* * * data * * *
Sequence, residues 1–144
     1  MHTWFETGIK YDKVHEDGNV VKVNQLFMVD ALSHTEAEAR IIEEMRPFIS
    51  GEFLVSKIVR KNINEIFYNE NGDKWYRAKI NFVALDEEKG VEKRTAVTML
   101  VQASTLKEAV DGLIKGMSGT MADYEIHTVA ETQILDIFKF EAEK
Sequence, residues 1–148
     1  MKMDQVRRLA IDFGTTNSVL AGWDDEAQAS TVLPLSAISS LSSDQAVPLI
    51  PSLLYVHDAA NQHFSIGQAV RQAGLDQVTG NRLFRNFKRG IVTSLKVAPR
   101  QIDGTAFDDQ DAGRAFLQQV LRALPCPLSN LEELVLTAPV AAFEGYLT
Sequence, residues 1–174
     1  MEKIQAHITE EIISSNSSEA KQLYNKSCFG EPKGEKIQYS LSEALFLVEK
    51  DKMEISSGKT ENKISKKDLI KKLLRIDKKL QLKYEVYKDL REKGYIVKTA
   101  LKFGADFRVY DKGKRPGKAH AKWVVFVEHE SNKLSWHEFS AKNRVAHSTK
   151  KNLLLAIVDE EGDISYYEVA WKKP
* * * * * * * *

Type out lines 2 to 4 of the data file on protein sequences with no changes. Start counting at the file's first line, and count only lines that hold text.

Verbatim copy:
     1  MHTWFETGIK YDKVHEDGNV VKVNQLFMVD ALSHTEAEAR IIEEMRPFIS
    51  GEFLVSKIVR KNINEIFYNE NGDKWYRAKI NFVALDEEKG VEKRTAVTML
   101  VQASTLKEAV DGLIKGMSGT MADYEIHTVA ETQILDIFKF EAEK